• citrus fruits
• kiwi fruit
• red pepper
• Brussel sprouts
The benefit of obtaining vitamin C from whole foods is that they also contain other supporting nutrients which work together in support of body processes. Remember, though, that the vitamin C content of foods is highest in fresh, uncooked food, so it is helpful to eat at least some sources in their raw form.
Certain things also lead to increased requirements for vitamin C. It is important to be aware of these, so that we can increase our intake accordingly:
• all kinds of stress
• smoking and passive smoking (second hand smoke)
• limited variety of food
• malabsorption (difficulty digesting or absorbing nutrients from food)
• certain chronic inflammatory diseases
A variant in the SLC23A1 (rs33972313) gene can also lead to increased requirements for vitamin C. This gene is a transporter gene that aids in the absorption of vitamin C from food, through the colon, and into the blood. A variant in this gene can affect the body’s ability to properly obtain and use vitamin C.
So what are some symptoms of vitamin C deficiency?
• bleeding gums
• slow wound healing
• bruise easily
• decreased infection resistance
• broken capillaries
• restlessness or irritability
• thinning or premature aging of the skin
It is important to bear in mind, though, that these symptoms can also be related to other causes. If a few of them are occurring at the same time, this may more strongly indicate a need for increased intake of vitamin C.
Safety is also of paramount importance. The Council for Responsible Nutrition makes available online a publication on vitamin and mineral safety. The excerpt pertaining to vitamin C states the following:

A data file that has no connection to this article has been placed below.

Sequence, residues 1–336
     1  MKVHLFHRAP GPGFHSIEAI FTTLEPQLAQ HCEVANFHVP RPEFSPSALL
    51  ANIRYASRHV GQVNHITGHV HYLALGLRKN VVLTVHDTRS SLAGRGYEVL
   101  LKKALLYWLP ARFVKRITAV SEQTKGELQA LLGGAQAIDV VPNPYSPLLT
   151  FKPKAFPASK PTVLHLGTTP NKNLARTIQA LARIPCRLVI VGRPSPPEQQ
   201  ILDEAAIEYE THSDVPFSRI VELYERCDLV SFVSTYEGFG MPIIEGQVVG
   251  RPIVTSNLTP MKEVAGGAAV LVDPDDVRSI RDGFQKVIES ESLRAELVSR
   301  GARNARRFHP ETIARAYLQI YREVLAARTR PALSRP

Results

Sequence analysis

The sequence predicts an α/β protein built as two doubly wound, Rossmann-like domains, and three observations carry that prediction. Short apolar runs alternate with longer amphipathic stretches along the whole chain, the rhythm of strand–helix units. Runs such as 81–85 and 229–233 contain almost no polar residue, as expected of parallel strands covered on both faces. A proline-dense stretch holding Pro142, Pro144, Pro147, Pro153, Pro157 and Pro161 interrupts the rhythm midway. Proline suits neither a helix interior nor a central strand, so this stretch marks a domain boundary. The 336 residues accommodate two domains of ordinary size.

“Vitamin C has an extremely low potential for toxicity. Multigram supplements have been widely used for decades, with only mild and transient gastrointestinal effects such as irritation, bloating, and diarrhea. The adverse gastrointestinal effects of very high intakes justify the establishment of a UL at 2,000 mg per day.”
It goes on to state that, “several more serious adverse effects have been purported in books and review articles. These effects have not been supported by the evidence in regard to oral consumption”.
Indeed, in the case of certain acute or chronic health conditions, doses above 2,000 mg may be recommended over the short-term. It is important to remember, though, that higher doses of vitamin C are best taken in smaller amounts more frequently throughout the day to support optimal utilization by the body. Furthermore, as I was reminded throughout my studies, “you can’t out-supplement a poor diet”. Food is always the first place to start.
I hope this information has helped you to learn a bit more about vitamin C, how it works in the body, key food sources, and situations when our requirements for this nutrient might be higher. As I often note, nutrition is not a one-size-fits-all approach. My hope is that you will take this information and apply it to your own situation in order to determine whether you might benefit from some additional sources of vitamin C. Remember, I am always here to assist!
The Complete Eye Health and Nutrition Guide: Eye Foods, Laurie Capogna, OD, 2019
International Society for Orthomolecular Medicine (ISOM) Mental Health Resources: https://isom.ca/mental-health/
Micronutrient Information Centre: https://lpi.oregonstate.edu/mic/vitamins/vitamin-C
National Institute of Health:
The Nutrition Source: https://www.hsph.harvard.edu/nutritionsource/vitamin-c/
Nutritional Medicine, Second Edition. Alan R. Gaby, M.D., 2017
Staying Healthy with Nutrition, Elson M. Haas, M.D., 2006
Vitamin and Mineral Safety 3rd Edition (2013) Council for Responsible Nutrition (CRN) www.crnusa.org